16 October 2011

Stringing the Pearls

The Five Borough Songbook, presented by the Five Boroughs Music Festival at the Galapagos Art Space, lured me out to Brooklyn on 6 October with the prospect of songs by nearly 20 composers, performed by four able singers. Getting to Galapagos — which used to be conveniently located in Williamsburg, across the street from my friend Eric’s apartment, but is now Down Under the Manhattan Bridge Overpass (a.k.a. DUMBO) — got me lost in the dark in an unfamiliar neighborhood. I felt like a tourist, and I missed the first several songs.

But I arrived in time for two that I’d anticipated most gladly: those by Jorge Martín (“City of Orgies, Walks, and Joys!” to a text by Whitman) and Glen Roven (“F from DUMBO,” to a text by Michael Tyrell*). And I enjoyed the performances of the four singers: baritone David Adam Moore (no stranger to readers of this blog), soprano Martha Guth, tenor Alex Richardson, and the real discovery of the night, mezzo Blythe Gaissert.

Now, thanks to Roven’s ingenuity — and the fact that he’s the “G” in GPR Records — I’ll be able to listen to the Five Borough Songbook again and again, as often as I please, without getting lost in Brooklyn. Last week, I sat in on a recording session, and the experience proved fascinating indeed.

Glen Roven

GPR aims to step into the void left by the major labels, all of which have been hammered by economic and technological challenges, and some of which have neglected classical music for years. Working with Peter Fitzgerald (the “P”) and Richard Cohen (the “R”), Roven can avail himself of new technologies and unbeatable access: Fitzgerald, for example, is president and co-owner of Sound Associates, and he’s been sound designer for countless concerts and Broadway shows, including Rags. When the sound equipment is already in place, Roven says, and with studio facilities readily available in New York, it’s easy enough to record a piece; since brick-and-mortar stores are a thing of the past, it’s actually become easier to distribute albums.

Sitting in the control room with Roven, Cohen, and studio engineer Megan Henninger, I listened as David Adam Moore and pianist Thomas Bagwell put the finishing touches on Roven’s “F from Dumbo”; then Blythe Gaissert and composer Mohammed Fairouz came in to record his “Refugee Song” (to a text by Auden).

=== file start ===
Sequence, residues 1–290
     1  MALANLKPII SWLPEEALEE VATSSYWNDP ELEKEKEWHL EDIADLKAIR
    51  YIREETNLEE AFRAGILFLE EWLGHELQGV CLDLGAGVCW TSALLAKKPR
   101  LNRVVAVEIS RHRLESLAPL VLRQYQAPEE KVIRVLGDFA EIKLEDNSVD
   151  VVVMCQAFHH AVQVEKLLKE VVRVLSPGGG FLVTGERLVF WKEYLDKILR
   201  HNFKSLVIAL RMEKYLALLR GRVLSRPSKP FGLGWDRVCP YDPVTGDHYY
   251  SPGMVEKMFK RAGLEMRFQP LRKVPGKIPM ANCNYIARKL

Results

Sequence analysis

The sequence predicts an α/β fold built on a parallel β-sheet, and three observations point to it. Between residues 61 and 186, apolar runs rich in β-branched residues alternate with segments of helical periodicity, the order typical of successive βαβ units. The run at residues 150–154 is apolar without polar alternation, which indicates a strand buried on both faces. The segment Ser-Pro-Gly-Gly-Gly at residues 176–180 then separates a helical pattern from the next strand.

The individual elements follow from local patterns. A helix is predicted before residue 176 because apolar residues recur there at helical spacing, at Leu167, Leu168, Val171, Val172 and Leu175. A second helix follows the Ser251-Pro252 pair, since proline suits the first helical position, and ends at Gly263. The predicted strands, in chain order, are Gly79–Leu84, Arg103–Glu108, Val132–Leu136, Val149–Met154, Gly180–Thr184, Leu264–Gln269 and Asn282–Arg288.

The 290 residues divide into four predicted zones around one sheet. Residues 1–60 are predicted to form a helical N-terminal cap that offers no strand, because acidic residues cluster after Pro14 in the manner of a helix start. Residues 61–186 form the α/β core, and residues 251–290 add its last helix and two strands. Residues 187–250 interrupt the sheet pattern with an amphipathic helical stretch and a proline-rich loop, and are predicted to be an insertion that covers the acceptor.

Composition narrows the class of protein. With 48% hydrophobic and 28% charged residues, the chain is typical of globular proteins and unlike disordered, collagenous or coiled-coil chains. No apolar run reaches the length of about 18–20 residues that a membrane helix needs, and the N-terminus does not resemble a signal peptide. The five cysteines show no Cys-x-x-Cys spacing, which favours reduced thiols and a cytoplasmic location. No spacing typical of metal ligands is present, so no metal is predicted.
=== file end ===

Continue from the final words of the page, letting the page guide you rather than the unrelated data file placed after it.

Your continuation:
My experience in radio studios is pretty vast, but my experience in music-recording studios is quite limited — and all of it predates the digital revolution. Henninger can achieve with a few keystrokes what used to require razor blades and Scotch tape on the old reel-to-reel machines. (I still bear the scars.)

You’d wind up with a crazy-quilt of patches, and in some cases, you really did go crazy. That’s one reason that artists like Teresa Stratas tried so hard to get it right on the first take (as she did with The Unknown Kurt Weill), and the resulting record would be in that sense very much like a live performance: played straight through.

David Adam Moore

Now, however, the singers, pianist, and composers could go over individual bars again and again until they were satisfied, and the editing process was largely complete, almost instantly. The process struck me as less like a live performance and more like a rehearsal or coaching session, in which the musicians repeat fragments of the score and may never perform the song complete. (In this case, as with Stratas’ first Weill album, which grew out of a recital at the Whitney Museum, it surely helped that the Songbook musicians had performed the cycle complete before an audience only a few days earlier.)